Multimodal transport as an umbrella term
Multimodal transport is a generic term covering both intermodal and interrupted transport. It refers to transporting a load using several modes of transport. Goods are transported multimodally when it is not economically or geographically possible to transport them on only one means of transport. Since it costs time and money to handle cargo at terminals or freight villages, multimodal transport only makes sense for fairly long distances and transports that are not very time-sensitive. This shifts the focus to the supply chain as a whole. Direct, or point-to-point, transport is when the means of transport does not change.
Characteristics of different modes of transport
Logistics service providers combine the positive characteristics of different means of transport in the pre-carriage, carriage and on-carriage phases and can thus protect the environment and lower costs. For example, trains can transport large loads over long distances in an energy-saving manner. However, it is tied to the rail network and thus not very flexible. If a company has a rail siding, the railroad is an optimal means of transport, even for pre-carriage or on-carriage. A ship also moves large quantities of goods, but takes a relatively long time due to its slow speed. Trucks, in turn, offer maximum flexibility. On the other hand, they have less capacity and clog up the roads and highways. An airplane can transport goods quickly over long distances, but it has a small cargo capacity and a large environmental impact.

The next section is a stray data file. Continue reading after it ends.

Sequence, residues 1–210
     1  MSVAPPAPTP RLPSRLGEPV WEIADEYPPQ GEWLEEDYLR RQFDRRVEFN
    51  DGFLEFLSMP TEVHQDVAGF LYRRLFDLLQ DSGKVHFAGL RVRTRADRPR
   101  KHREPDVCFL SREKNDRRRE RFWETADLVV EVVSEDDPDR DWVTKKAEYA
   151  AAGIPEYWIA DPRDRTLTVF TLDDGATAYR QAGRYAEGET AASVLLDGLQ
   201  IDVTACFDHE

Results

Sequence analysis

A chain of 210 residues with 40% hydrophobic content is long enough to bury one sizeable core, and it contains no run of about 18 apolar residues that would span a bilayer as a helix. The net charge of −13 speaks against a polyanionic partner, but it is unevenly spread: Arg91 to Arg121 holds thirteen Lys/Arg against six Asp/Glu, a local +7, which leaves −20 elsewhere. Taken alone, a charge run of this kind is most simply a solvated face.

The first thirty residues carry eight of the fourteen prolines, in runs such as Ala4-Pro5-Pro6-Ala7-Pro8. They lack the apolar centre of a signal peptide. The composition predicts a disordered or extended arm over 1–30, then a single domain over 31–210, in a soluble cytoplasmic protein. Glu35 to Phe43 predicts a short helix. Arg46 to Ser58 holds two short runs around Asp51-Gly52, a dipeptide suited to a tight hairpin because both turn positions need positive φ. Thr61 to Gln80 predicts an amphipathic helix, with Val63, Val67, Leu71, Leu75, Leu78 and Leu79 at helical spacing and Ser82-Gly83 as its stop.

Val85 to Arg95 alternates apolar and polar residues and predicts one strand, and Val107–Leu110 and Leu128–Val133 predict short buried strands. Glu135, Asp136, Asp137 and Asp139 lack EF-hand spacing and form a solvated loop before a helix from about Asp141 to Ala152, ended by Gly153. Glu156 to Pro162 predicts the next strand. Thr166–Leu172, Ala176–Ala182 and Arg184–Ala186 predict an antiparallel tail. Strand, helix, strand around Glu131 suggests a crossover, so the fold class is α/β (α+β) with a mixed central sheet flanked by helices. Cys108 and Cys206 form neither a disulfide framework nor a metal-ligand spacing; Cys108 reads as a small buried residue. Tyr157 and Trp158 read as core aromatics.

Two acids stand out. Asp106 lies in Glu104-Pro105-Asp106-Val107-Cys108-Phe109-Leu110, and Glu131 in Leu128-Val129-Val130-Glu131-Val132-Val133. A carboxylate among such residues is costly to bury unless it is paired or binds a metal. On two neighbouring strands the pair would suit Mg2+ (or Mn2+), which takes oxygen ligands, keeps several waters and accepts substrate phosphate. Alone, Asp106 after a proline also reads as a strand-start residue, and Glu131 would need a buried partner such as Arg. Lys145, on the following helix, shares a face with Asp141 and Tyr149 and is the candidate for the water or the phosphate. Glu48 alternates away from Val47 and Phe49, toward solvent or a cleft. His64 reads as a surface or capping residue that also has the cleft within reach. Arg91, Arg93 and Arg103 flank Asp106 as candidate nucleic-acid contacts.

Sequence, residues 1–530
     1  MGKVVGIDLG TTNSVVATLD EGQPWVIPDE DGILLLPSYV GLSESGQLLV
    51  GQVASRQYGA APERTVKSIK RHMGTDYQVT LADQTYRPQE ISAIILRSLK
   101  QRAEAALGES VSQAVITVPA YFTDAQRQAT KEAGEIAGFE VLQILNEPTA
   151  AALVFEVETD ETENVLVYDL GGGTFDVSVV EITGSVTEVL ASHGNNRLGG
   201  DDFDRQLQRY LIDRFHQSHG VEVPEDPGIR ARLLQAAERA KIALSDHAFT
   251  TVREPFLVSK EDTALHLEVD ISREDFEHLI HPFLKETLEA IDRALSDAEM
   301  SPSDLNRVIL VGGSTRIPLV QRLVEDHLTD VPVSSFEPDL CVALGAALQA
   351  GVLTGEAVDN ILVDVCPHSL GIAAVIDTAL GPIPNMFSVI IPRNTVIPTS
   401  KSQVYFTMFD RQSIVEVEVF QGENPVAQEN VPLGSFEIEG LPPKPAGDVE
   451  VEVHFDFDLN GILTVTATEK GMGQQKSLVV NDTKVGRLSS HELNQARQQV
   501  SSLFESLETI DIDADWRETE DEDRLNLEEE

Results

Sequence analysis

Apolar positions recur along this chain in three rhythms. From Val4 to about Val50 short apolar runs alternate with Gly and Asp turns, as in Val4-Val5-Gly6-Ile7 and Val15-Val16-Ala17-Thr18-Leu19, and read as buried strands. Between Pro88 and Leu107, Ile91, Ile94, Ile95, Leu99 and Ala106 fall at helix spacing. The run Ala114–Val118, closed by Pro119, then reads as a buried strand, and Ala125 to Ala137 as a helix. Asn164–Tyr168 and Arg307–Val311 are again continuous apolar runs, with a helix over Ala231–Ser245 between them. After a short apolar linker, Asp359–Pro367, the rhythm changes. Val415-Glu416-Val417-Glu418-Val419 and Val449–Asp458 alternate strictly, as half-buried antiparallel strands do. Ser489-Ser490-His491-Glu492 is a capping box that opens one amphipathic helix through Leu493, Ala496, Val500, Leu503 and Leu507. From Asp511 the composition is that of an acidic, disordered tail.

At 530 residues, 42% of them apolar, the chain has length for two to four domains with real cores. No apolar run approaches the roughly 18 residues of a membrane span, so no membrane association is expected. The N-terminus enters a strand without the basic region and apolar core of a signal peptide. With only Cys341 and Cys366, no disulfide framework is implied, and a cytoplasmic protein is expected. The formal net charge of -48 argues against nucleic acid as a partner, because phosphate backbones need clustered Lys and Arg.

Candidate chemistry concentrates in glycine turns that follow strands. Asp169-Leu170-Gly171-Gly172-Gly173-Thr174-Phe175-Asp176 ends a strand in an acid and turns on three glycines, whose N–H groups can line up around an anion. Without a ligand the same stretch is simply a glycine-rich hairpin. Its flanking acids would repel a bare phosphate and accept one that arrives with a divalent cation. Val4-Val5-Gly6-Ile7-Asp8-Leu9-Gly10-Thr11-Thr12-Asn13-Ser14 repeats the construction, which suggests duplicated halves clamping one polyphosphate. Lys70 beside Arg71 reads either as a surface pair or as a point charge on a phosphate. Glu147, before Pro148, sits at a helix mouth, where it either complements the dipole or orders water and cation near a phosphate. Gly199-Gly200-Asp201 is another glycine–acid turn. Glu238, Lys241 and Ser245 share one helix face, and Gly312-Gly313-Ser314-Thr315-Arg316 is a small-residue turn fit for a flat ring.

Difference between combined and intermodal transport
Multimodal transport encompasses interrupted and intermodal transport. While intermodal transport deliberately avoids handling goods, interrupted transport allows shipments to be transported and temporarily stored in different loading containers. A classic example of interrupted transport is traditional general cargo.